af, ZF- μSR time spectra observed in Ca2−xSrxRuO4 systems with x = 0.5 (a), x = 0.9 (b), x = 1.5 (c) and x = 0.3 (e), and in Sr2Ru1−yTiyO4 systems with y = 0.09 (d) and y = 0.03 (f). g,h, LF- μSR time spectra in the (Ca, Sr) system with x = 1.5(g) and the (Ru, Ti) system with y = 0.09 (h). The solid lines in a, c and d represent fits to the zero-field muon spin relaxation function obtained for dilute-alloy spin glasses, equation (1) (ref. 20), and the solid lines in b, e and f represent fits to a root-exponential decay20.





  3. Figure 3: Present results of μSR and χ compared with published neutron results.


    a,b, Generalized total muon spin relaxation rate observed in (Ca,Sr)2RuO4 systems (a) and in Sr2(Ru,Ti)O4 systems (b), which exhibit an increase with decreasing temperature due to slowing down of dynamic spin fluctuations above the ordering temperature TN and a subsequent build-up of static local field below TN. c, Inverse of the magnetic susceptibility χ observed in a low field (100 G) in a select subset of the (Ca, Sr) and (Ru, Ti) systems. d, Muon spin relaxation rate 1/T1 observed in LF- μSR with a moderate strength of longitudinal field in a few select systems, which exhibit clear peaks indicating onset of static magnetic order. e, Overlay of the Bragg peak intensity IB observed in elastic neutron scattering at an incommensurate wavevector (0.3, 0.3, 0) and the μSR relaxation rate Λ(T) observed in Sr2Ru0.91Ti0.09O4 (ref. 17). A linear comparison, expected for spatially inhomogeneous spin systems, shows better scaling than a quadratic comparison. The apparent difference in onset temperature of the increase is probably due to the difference in the time windows of neutron and muon measurements. f, Imaginary part of a.c.-magnetic susceptibility Imχa.c.(T) in Sr1.5Ca0.5RuO4 and Sr2Ru0.91Ti0.09O4 measured with the a.c. field perpendicular to the ab-plane.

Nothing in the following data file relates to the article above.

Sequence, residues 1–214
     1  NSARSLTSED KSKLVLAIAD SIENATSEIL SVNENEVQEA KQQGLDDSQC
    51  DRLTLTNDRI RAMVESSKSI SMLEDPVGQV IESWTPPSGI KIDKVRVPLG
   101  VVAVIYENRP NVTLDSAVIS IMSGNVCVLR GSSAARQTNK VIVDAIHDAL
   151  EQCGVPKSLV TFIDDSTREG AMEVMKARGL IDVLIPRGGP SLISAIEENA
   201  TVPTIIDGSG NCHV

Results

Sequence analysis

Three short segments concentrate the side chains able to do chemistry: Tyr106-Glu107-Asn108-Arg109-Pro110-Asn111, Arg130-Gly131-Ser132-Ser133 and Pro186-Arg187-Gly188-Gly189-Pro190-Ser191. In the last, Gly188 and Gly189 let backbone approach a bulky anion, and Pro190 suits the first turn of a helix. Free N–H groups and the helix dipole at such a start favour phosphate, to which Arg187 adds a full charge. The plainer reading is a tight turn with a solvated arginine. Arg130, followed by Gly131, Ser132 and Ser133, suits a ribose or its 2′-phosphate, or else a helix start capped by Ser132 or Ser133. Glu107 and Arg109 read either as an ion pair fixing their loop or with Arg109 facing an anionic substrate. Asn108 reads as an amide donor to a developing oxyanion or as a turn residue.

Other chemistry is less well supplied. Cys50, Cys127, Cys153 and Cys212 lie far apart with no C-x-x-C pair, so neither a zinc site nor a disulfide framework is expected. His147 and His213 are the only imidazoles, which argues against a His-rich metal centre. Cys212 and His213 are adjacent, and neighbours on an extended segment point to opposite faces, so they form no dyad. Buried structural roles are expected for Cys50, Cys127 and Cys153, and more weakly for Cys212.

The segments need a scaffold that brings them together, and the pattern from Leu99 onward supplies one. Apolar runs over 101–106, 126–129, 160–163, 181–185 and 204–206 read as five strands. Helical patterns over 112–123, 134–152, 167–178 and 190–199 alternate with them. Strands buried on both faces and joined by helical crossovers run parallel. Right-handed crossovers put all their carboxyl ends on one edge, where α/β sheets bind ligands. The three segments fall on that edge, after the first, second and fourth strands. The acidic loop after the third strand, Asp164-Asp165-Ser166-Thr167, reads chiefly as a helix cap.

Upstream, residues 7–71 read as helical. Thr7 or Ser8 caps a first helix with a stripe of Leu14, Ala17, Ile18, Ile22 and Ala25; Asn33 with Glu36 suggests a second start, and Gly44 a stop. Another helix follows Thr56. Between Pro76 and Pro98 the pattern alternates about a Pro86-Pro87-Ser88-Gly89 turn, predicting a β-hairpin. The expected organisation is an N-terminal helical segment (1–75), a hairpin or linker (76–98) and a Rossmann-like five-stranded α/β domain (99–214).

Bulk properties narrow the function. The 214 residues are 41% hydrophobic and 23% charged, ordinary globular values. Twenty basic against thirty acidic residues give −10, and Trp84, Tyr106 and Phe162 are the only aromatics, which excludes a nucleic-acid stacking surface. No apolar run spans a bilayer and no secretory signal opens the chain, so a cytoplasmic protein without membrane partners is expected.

Figure 4: New magnetic phase diagram and ordered moment size.



a, Phase diagrams for (Ca,Sr)2RuO4 and Sr2(Ru,Ti)O4, based on the present results of Λ(T) in ZF- μSR (closed red symbols) and 1/T1 in LF- μSR (open red symbols), and the peak temperature (closed blue symbols) and the irreversibility onset temperature (open blue symbols) of the magnetic susceptibility χ. Static magnetic order develops in the coloured region. The blue diamonds represent the susceptibility results obtained for the present specimens used in μSR, the blue circles denote points from Minakata and Maeno16 and the blue triangles are from Nakatsuji and colleagues10. The slanted-stripe colouring indicates regions involving phase separation (see Supplementary Information SC). SG denotes spin glass and I-SDW indicates incommensurate spin density wave. b, ZF- μSR relaxation rate Λ(T→0) (left axis) and the LF- μSR decoupling field Ho, both of which are indicators of a static random field proportional to the average ordered moment size. A scale for the moment size is given by using the absolute value 0.3 Bohr magnetons per Ru obtained in the y = 0.09 (Ru, Ti) system from the Bragg peak intensity of neutron scattering17 (middle axis). c, Weiss temperatures ΘW (left axis) and the peak susceptibility values (right axis), demonstrating strong antiferromagnetic spin correlations in the Sr-rich side of the (Ca, Sr) system and in the (Ru, Ti) system. A strong tendency towards ferromagnetic correlations can be seen by the peaking of χ and the reduction of ΘW at x = 0.5.